Proposition. The dynamics of Fk := F (·; Tk−1, Tk)under the forward measure Qi in the three cases i < k,i = k and i > k are, respectively,

    i < k, t ≤ Ti :

    dFk(t)=νk(t, Fk(t))Fk(t)k

    j=i+1

    ρk,jτjνj(t, Fj(t))Fj(t)1 + τjFj(t)

    dt

    + νk(t, Fk(t))Fk(t) dZk(t),

    i = k, t ≤ Tk−1 :dFk(t) = νk(t, Fk(t))Fk(t) dZk(t),

    i > k, t ≤ Tk−1 :

    dFk(t)=−νk(t, Fk(t))Fk(t)i

    j=k+1

    ρk,jτjνj(t, Fj(t))Fj(t)1 + τjFj(t)

    dt

    + νk(t, Fk(t))Fk(t) dZk(t),

    where Z = Z i is a Brownian motion under Qi. All theabove equations admit a unique strong solution.

  • 27

    FURTHER EXTENSIONS: aLOGNORMAL MIXTURE with

    DIFFERENT MEANS

    Let us consider the instrumental processes

    dSit = µi(t)Sitdt + σi(t)S

    itdWt, S

    i0 = S0,

    and look for a diffusion coefficient ψ(·, ·) such that

    dSt = µStdt + ψ(t, St)StdWt

    has a solution with marginal density pt(y)=∑m

    i=1 λipit(y).

    Denote by ν(t, St) the solution of the analogous problemwhen the basic processes have the same drift µ:

    ν(t, y)2 =∑m

    i=1 λiσi(t)2pit(y)

    ∑mi=1 λip

    it(y)

    It is then possible to show that

    ψ(t, y)2 := ν(t, y)2+2∑m

    i=1 λi(µi(t)− µ)∫ +∞

    y xpit(x)dx

    y2∑m

    i=1 λipit(y)

    It is also possible to prove that ψ(·, ·) has linear growthand does not explode in finite time.

  • 28

    FURTHER EXTENSIONS: the CASE ofHYPERBOLIC-SINE BASIC PROCESSES

    Consider now the instrumental processes, i = 1, . . . , N ,

    Si(t) = βi(t) sinh[∫ t

    0αi(u)dWu − Li

    ]

    , Si(0) = S0

    where αi’s are positive functions, Li’s are negative con-stants and

    βi(t) =S0 eµt−

    12∫ t0 α

    2i (u)du

    sinh(−Li).

    N.B. Si is an increasing function of a time-changedBrownian motion.

    The SDE followed by each Si is given by

    dSi(t) = µSi(t)dt + αi(t)√

    β2i (t) + S2i (t) dWt.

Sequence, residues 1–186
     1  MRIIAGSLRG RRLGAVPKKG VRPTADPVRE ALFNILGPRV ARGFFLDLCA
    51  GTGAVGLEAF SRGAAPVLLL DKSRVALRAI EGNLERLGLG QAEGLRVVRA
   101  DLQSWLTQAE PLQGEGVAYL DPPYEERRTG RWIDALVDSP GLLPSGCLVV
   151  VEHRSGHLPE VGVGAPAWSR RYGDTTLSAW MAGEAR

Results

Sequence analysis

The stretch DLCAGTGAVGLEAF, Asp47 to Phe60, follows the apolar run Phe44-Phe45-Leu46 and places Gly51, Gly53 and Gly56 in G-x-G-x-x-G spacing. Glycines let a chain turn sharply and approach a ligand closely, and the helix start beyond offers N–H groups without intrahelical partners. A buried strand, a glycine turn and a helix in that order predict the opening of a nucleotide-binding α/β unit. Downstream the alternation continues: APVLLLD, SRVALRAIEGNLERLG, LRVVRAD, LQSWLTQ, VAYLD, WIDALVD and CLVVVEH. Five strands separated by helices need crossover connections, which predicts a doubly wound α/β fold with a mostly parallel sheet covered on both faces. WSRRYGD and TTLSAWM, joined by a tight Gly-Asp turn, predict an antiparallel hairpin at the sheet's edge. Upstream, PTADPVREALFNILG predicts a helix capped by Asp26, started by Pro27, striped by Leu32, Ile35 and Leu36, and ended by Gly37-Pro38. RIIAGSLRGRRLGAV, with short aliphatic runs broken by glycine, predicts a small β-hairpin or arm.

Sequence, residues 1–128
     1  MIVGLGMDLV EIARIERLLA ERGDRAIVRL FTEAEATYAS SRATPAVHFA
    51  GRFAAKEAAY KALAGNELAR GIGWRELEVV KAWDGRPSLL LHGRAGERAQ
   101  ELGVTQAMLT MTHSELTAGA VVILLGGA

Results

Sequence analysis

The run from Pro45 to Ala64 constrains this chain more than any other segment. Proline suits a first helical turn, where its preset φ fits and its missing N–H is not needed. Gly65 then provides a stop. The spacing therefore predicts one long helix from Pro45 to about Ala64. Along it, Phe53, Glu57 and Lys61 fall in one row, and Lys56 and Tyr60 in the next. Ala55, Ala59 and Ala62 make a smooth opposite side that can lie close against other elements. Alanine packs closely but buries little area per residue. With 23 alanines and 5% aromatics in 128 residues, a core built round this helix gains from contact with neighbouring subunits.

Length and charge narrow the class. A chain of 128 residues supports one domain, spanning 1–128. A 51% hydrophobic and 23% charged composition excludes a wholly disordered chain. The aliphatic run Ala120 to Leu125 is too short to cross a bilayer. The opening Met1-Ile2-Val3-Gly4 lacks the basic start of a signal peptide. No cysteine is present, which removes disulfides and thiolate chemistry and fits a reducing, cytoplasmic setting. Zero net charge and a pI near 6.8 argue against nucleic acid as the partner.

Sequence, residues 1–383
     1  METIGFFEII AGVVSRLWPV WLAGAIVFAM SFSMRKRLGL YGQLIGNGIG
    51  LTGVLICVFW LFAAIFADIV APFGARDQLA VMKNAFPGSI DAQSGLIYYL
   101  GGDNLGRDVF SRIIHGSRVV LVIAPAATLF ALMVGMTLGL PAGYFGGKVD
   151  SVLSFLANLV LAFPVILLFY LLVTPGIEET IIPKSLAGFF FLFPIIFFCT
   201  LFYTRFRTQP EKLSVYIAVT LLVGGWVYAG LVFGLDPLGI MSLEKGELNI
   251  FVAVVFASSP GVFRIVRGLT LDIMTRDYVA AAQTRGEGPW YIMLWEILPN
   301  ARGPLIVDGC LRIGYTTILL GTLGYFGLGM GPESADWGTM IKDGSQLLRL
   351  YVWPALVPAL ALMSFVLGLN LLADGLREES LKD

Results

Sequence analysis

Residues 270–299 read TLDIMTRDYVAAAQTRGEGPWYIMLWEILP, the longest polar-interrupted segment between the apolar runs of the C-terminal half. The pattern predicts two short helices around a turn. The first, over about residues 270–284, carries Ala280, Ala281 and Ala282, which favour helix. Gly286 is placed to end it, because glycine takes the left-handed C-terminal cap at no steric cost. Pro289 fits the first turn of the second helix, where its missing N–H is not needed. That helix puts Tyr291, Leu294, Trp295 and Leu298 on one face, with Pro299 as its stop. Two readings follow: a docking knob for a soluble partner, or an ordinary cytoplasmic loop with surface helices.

Setting Ai(t) :=√

    ∫ t0 α

    2i (u)du, the time-t marginal den-

    sity of Si is

    pit(y) =exp

    {

    − 12A2i (t)

    [

    Li + sinh−1(

    yβi(t)

    )]2}

    Ai(t)√

    2π√

    β2i (t) + y2.

  • 29

    The CASE of HYPERBOLIC-SINE BASICPROCESSES (cont’d)

    A straightforward integration leads to the call price:

    C(T, K)=P (0, T )[

    S0 eµT

    2 sinh(−Li)

    (

    e−LiΦ[ȳi(T ) + Ai(T )]

    − eLiΦ[ȳi(T )− Ai(T )])

    −KΦ(

    ȳi(T ))

    ]

    ,

    where we set

    ȳi(T ) := −Li

    Ai(T )− 1

    Ai(T )sinh−1

    (

    Kβi(T )

    )

    .

    This price leads to steeply decreasing implied volatilities:

    0.04 0.045 0.05 0.055 0.06 0.065 0.07 0.0750.21

    0.22

    0.23

    0.24

    0.25

    0.26

    0.27

    0.28

    0.29

    0.3

    Figure 4: We set, T = 1, A1(1) = 0.01, L1 = −0.05, µ = 0 and S0 = 0.055.

  • 30

    The CASE of HYPERBOLIC-SINE BASICPROCESSES: OPTION PRICING

    The previous general results on densities-mixture dy-namics immediately yield the following SDE:

    dS(t) = µS(t)dt + χ(t, S(t)) dWt

    χ(t, y) =

    ∑Ni=1 λi

    α2i (t)√

    βi(t)2+y2

    Ai(t)exp

    {

    − 12A2i (t)

    [

    Li + sinh−1(

    yβi(t)

    )]2}

    ∑Ni=1

    λiAi(t)

    √βi(t)2+y2

    exp{

    − 12A2i (t)

    [

    Li + sinh−1(

    yβi(t)

    )]2}

    The associated option price (mixture of the option pricesassociated to the basic processes) leads to steep skews:

    0.03 0.04 0.05 0.06 0.07 0.080.1

    0.11

    0.12

    0.13

    0.14

    0.15

    0.16

    0.17

    0.18

    Figure 5: We set, T = 1, N = 2, (A1(1), A2(1)) = (0.01, 0.04), (L1, L2) = (−0.056,−0.408),(λ1, λ2) = (0.1, 0.9), µ = 0 and S0 = 0.055.